Pug Dog Encephalitis – Why This Is A Fatal Disease And How It Manifests

Pug Dog Encephalitis (PDE) is a disease characteristic of this dog breed (but can also occur in others) and it refers to an inflammatory process producing damage to the brain and the spinal cord. How can this be identified? What causes the disease and how can this be treated? Let’s understand what this illness is and see how you can help your pug deal with it. 

What is Pug PDE – Overview 

PDE is the informal version for the medical term “Necrotizing Meningoencephalitis (NME)”, a deadly disease that has serious implications on the nervous system by compromising the brain tissue. It is believed to be a genetic condition, as brachycephalic dog breeds are often affected.

It is a rapidly progressing condition for which there is no cure. The cause of the condition is yet unknown. Although it is known that infectious diseases cause encephalitis, apparently the infection is not the cause of PDE.

Recent studies suggest that an abnormal response of the body’s immune system may play a role in the development of the disorder. Affected pugs show clinical signs of a problem with their brain and nervous system. The progression of Pug Dog Encephalitis can be broken down into 2 categories:

It can be slow progressive – the occurrence of seizures (the most common symptom) is scarce and it lasts from seconds to several minutes and in between, there are no other signs signaling the PDE. 

It can be fast progressive – the seizures are recurrent and the pug also presents other signs of PDE such as depressive mood, inability to walk too much, and disorientation. PDE is invariably fatal. Most dogs die within a few months of the onset of clinical signs and statistics reveal that around 1.2% die from this illness. 

Causes of PDE

It seems that there’s no exact answer for what can cause this disease. Although, there are several factors that can influence its onset. Encephalitis can be the result of brain infection (bacterial, viral, fungal, and parasitic are examples of infectious causes of encephalitis) or it can be an immune response of the body, which means that the immune system is malfunctioning and creates abnormal inflammation.

Symptoms and pathological signs of PDE

In general, there are pathological changes in locomotor function: paresis, ataxia, and paralysis. Ataxia occurs when there’s damage to the cord and the brainstem of the spine. Then it may be neurological deficits of the cranial nerves. The symptoms that show the gravity of the disease consist of:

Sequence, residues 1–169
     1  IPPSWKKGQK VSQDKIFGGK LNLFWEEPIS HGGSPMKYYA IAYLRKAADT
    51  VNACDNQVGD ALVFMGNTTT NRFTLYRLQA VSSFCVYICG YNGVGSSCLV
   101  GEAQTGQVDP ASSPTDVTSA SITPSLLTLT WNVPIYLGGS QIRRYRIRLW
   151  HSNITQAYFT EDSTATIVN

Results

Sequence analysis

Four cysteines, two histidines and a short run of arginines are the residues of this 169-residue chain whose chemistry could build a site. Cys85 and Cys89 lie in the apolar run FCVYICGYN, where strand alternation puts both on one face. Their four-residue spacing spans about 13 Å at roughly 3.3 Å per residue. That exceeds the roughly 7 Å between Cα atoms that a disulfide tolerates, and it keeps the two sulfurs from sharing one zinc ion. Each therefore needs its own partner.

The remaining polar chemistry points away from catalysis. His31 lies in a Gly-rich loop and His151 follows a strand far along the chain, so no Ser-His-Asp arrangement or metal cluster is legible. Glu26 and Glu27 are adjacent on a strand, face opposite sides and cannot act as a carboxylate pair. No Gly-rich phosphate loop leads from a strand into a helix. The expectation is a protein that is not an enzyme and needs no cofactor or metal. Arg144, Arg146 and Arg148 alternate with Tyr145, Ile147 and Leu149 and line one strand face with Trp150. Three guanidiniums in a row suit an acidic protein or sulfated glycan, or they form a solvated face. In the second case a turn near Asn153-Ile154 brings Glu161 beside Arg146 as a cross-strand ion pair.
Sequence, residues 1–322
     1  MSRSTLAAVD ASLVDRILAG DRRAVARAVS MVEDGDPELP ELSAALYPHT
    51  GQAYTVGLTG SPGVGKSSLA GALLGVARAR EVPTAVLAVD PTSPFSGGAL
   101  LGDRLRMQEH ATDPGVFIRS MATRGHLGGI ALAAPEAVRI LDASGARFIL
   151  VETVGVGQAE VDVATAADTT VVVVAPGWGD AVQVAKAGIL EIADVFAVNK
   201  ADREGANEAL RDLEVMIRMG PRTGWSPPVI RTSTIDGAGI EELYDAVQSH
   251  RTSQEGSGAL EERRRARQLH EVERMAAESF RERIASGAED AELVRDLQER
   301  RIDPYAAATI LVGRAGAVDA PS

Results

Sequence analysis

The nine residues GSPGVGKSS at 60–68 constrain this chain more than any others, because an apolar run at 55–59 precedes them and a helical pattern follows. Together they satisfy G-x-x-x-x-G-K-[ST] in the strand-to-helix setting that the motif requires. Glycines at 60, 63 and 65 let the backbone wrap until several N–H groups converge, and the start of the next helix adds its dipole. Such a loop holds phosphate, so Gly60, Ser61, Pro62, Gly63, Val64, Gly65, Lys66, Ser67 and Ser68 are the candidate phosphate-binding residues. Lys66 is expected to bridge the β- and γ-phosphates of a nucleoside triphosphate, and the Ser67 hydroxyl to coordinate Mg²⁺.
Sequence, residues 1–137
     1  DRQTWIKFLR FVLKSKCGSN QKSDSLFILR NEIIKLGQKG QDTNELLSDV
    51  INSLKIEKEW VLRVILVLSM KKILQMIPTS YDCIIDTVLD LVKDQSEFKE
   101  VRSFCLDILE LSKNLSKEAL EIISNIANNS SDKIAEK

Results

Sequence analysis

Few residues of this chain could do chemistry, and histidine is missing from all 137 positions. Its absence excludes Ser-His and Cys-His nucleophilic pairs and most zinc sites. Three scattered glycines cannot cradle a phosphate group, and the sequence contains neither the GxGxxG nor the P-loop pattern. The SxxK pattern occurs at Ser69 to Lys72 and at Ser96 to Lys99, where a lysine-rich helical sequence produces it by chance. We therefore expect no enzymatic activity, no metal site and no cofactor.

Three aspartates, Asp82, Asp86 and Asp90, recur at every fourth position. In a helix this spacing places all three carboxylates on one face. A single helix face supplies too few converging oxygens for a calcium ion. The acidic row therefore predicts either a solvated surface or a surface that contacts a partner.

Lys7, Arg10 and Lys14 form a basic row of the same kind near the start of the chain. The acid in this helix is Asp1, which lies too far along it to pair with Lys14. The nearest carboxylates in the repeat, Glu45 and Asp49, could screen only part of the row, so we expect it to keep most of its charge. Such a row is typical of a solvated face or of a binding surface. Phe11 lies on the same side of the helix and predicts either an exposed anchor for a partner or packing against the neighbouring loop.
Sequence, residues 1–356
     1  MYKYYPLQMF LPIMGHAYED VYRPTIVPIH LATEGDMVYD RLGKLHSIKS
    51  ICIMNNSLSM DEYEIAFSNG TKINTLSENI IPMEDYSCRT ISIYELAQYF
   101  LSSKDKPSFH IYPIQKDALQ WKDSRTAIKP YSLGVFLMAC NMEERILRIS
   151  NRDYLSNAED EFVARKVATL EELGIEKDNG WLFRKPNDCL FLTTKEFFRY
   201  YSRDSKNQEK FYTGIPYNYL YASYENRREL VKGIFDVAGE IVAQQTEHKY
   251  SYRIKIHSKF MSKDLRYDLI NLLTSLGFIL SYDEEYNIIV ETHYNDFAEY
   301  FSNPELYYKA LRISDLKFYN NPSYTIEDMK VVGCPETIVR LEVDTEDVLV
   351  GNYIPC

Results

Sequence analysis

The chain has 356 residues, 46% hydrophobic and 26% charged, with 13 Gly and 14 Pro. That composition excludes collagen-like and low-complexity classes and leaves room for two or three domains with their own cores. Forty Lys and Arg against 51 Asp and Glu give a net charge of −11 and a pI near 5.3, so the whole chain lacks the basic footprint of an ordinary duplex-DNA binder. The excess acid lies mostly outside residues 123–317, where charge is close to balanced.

• Seizures – based on how fast the illness is evolving, episodes of seizure can occur at a distance of days and even weeks and when they happen they usually last for a few seconds to a few minutes
  • Apathy and loss of muscle control – these indicate a lack of energy or lethargy and difficulty to control the mobility due to muscular dysfunctions
  • Moving or pacing in circles – pugs can lose the sense of what they are actually doing 
  • Convulsions
  • Blindness
  • Distress and confusion
  • Depression
  • Looking into void 
  • Sore throat
  • Difficulties walking 

The danger of encephalitis lies in the complexity of diagnosing the disease because the symptoms of the disease are quite diverse. For the correct diagnosis, in addition to the examination of your pug, a series of clinical and laboratory investigations need to be carried out.

To correctly diagnose a dog, several studies of the brain and spinal cord can be prescribed: computerized, X-ray examination, cerebrospinal fluid investigation, ultrasound examination of internal organs, and laboratory examination of blood. 

Can PDE be prevented and how to treat it 

The bad news here is that this illness cannot be prevented as most symptoms overlap with other conditions. As a genetic degenerative disorder, this can be transmissible to the next generation so the pug breeders should avoid breeding parents that are diagnosed with severe illnesses. 

When this is already diagnosed, usually therapy is considered in order to alleviate the symptoms and make the pug feel a bit better. Despite that there is no full recovery from that, if diagnosed in the early stages, there’s a slight chance to prolong the lifespan of your pet.

This would normally entail regular visits to vet clinics, and checks to undertake in order to monitor the progression and various treatments that can be prescribed in their case.

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